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Covid-19: Transmission fears spark bicycle frenzy in post-lockdown Paris

Cyclists ride on the rue de Rivoli in Paris on May 16, 2020, as France eases lockdown measures taken to curb the spread of the Covid-19 pandemic.
Cyclists ride on the rue de Rivoli in Paris on May 16, 2020, as France eases lockdown measures taken to curb the spread of the Covid-19 pandemic. © François Guillot, AFP

While Paris has long yearned to become the world’s No. 1 biking capital, it wasn’t until the coronavirus prompted widespread fears of transmission on public transport that Parisians really started to pedal. Since France began to lift its lockdown measures on May 11, the number of cyclists has exploded – and both vendors and repair shops are struggling to keep up with demand.   

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It’s not even 8:30am and already the Place de la Bastille, a busy junction in central Paris, is seeing more bicycles than it is buses and cars. Although workers from the Vélib bike-sharing programme have refilled the nearby bike racks overnight, the stations are already starting to empty by nine o’clock. The city, with 50 kilometres of recently added "coronapistes" (corona bike lanes) and thousands of newly converted cyclists, is no longer dominated by cars – and it is mainly due to the coronavirus.  

Cyclists turn onto Rue Saint-Antoine, which merges with Rue de Rivoli and which has become one Paris’s new “corona bike paths”. On June 16, 2020.
Cyclists turn onto Rue Saint-Antoine, which merges with Rue de Rivoli and which has become one Paris’s new “corona bike paths”. On June 16, 2020. © FRANCE 24/ Louise NORDSTROM

“Demand has completely shot through the roof,” Stein van Oosteren, spokesman for the bicycle association Vélo Île-de-France in the Paris region, tells FRANCE 24. “Shock events have always paved the way for the ‘bicyclisation’ of many countries – in Denmark, for example, it was the economic crisis in the 1980s that made bigger infrastructure projects too expensive, and in the Netherlands it was the oil crisis of the 1970s. And today, the coronavirus is having exactly the same effect.” 

According to the national bicycle group Vélo et Territoire, the number of French cyclists increased by 28 percent in May compared to the same period a year ago.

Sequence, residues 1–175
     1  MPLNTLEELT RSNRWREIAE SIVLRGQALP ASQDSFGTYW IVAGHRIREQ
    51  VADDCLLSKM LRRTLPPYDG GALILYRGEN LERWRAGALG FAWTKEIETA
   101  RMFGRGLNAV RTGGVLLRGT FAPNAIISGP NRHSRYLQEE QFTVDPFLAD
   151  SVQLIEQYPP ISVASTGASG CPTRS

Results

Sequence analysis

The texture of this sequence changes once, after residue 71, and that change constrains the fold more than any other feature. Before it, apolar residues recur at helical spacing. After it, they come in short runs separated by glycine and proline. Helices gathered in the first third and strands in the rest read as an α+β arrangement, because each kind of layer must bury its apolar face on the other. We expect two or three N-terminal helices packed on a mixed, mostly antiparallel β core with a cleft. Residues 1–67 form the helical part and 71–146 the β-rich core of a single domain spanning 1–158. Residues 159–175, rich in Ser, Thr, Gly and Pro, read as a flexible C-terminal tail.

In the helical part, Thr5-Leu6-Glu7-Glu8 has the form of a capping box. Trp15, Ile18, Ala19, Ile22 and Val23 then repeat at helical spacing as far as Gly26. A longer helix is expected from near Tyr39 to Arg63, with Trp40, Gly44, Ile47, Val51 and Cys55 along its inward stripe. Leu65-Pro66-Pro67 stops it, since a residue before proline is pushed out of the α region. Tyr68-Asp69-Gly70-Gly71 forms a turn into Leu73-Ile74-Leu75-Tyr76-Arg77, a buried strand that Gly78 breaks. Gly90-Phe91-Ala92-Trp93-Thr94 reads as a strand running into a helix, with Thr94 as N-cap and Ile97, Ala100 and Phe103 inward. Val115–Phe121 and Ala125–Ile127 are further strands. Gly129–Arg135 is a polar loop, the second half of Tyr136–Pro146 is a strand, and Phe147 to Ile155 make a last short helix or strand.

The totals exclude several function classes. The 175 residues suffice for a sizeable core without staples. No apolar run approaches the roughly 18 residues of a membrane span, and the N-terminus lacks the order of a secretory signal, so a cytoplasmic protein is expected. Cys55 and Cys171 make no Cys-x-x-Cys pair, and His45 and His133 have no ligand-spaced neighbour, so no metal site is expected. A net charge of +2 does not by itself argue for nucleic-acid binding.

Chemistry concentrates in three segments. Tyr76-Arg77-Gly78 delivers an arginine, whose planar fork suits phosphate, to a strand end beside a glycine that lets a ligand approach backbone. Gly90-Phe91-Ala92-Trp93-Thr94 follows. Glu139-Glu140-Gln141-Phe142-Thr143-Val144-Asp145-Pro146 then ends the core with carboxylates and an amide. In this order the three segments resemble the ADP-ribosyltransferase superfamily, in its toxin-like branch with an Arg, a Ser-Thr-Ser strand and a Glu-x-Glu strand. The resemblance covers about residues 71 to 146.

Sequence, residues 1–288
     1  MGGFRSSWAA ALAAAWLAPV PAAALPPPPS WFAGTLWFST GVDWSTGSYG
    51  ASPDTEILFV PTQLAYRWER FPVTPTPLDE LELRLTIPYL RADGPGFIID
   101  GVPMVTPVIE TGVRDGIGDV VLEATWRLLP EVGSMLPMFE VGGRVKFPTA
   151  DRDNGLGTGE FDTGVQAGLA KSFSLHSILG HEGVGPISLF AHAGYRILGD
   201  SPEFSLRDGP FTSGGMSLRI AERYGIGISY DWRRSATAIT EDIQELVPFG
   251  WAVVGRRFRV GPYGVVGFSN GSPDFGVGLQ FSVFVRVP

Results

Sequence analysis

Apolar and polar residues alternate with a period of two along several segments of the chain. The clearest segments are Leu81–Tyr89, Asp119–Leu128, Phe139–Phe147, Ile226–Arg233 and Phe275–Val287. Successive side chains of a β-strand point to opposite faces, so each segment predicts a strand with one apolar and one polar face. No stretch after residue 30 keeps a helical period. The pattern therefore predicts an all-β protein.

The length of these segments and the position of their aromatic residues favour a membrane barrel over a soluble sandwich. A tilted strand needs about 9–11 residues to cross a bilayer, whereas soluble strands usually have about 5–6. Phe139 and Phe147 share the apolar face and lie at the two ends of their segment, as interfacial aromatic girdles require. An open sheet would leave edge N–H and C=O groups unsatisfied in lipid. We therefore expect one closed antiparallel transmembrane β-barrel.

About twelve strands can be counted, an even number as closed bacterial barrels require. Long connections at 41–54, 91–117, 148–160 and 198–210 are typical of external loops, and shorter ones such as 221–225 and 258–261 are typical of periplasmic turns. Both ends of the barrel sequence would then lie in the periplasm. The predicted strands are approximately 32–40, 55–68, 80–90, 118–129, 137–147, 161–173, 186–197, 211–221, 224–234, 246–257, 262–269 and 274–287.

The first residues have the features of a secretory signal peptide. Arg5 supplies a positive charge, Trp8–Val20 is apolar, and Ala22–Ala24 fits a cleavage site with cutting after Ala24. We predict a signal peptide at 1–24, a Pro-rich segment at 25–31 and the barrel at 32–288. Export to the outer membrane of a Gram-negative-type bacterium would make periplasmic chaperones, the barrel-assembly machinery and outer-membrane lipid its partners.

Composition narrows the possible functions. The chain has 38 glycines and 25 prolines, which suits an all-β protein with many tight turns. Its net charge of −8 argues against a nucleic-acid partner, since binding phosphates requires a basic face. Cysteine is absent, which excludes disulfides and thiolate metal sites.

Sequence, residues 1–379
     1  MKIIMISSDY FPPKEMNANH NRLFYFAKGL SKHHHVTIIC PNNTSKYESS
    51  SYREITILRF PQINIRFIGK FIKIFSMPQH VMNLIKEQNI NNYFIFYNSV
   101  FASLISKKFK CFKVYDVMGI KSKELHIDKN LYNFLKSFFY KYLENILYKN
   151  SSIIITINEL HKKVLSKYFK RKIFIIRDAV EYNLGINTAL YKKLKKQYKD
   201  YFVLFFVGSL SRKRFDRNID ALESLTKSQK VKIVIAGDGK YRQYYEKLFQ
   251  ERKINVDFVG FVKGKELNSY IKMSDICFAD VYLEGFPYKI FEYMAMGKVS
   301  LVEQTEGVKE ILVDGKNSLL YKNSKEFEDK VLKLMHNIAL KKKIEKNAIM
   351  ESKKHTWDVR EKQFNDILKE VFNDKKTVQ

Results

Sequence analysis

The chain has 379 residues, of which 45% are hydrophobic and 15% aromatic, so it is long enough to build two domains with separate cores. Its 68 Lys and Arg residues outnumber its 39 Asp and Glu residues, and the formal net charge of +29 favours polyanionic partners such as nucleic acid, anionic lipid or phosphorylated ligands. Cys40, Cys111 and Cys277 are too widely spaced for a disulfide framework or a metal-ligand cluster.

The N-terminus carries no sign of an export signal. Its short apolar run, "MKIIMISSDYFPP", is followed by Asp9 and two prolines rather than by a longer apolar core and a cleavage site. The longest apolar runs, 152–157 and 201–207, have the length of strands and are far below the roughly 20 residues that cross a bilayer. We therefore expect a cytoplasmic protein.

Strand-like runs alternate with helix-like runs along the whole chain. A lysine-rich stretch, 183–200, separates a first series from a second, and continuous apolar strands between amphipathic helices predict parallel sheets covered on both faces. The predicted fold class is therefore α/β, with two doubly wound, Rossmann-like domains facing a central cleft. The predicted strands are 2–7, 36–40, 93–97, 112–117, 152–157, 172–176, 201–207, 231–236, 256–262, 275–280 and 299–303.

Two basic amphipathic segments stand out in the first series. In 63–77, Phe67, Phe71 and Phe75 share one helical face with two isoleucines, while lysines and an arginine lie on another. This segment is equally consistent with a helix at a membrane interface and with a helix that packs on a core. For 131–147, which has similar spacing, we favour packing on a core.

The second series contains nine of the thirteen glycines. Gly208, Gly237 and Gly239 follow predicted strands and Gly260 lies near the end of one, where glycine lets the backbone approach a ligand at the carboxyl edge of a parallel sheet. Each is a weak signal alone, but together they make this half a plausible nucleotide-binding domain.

In less than an hour, this Vélib bike rack was almost emptied of bicyles, on June 16, 2020.
In less than an hour, this Vélib bike rack was almost emptied of bicyles, on June 16, 2020. © FRANCE 24/ Louise NORDSTROM

New Amsterdam?

While sporting chain Intersport has reported daily sales of 4,000 bikes per day – two-and-a-half times its normal sales figure – the online bike repair service network Cyclofix says demand has increased more than 10-fold since lockdown measures were first eased after nearly two months. 

“It’s just enormous at the moment; we’ve doubled our network of independent repairmen during this period, but to meet a demand that is more than 10 times what it usually is, is tough,” says Stéphane Folliet, co-founder and director of the service.

“People are turning to biking because they want to avoid public transport at all costs.”

“Paris isn’t yet the new Amsterdam when it comes to cyclists, but I think it might be on its way to becoming one,” he says, noting that the government-sponsored “corona subsidy” of €50 for bike repairs has also help fuel demand.

‘My friend, my companion, my boyfriend’

Mina, a 41-year-old marketing specialist, is one of the Parisians who is trading in her monthly Métro pass for a bicycle because of the coronavirus.

“I’ve always biked a lot, so it’s not as if it’s new to me. But since I moved to Paris from the countryside 20 years ago I haven’t felt safe because of the heavy traffic and the cars, so I used buses and the Métro instead. But after the lockdown I couldn’t see myself doing that again, so I’ve bought myself an electric bike.”

Mina, who is still waiting for her bike to be delivered after placing her order a week ago, says the fact that the government is offering up to €500 in subsidies to those who buy an electric bike weighed into her decision. She also noted that Paris is planning to keep the vast majority of its “corona bike lanes” open for the foreseeable future.   

But despite all this, she says, "90 percent of my decision absolutely had to do with my concern over the coronavirus". 

Mina says her bicycle purchase is a long-term commitment. Aside from using it to get to work, she plans to bring it with her pretty much everywhere she goes. “My bike is going to be an extension of myself. It’s going to be my friend, my companion, my boyfriend,” she laughs. 

For Van Oosteren, whose association has spent years fighting for more bike lanes to be made available, the new trend is more than welcome.

“Before, we used to have to negotiate for centuries to have a new bike lane added to the network. But with the coronavirus and the urgent need for more travel options, decisions are taken right away.”  

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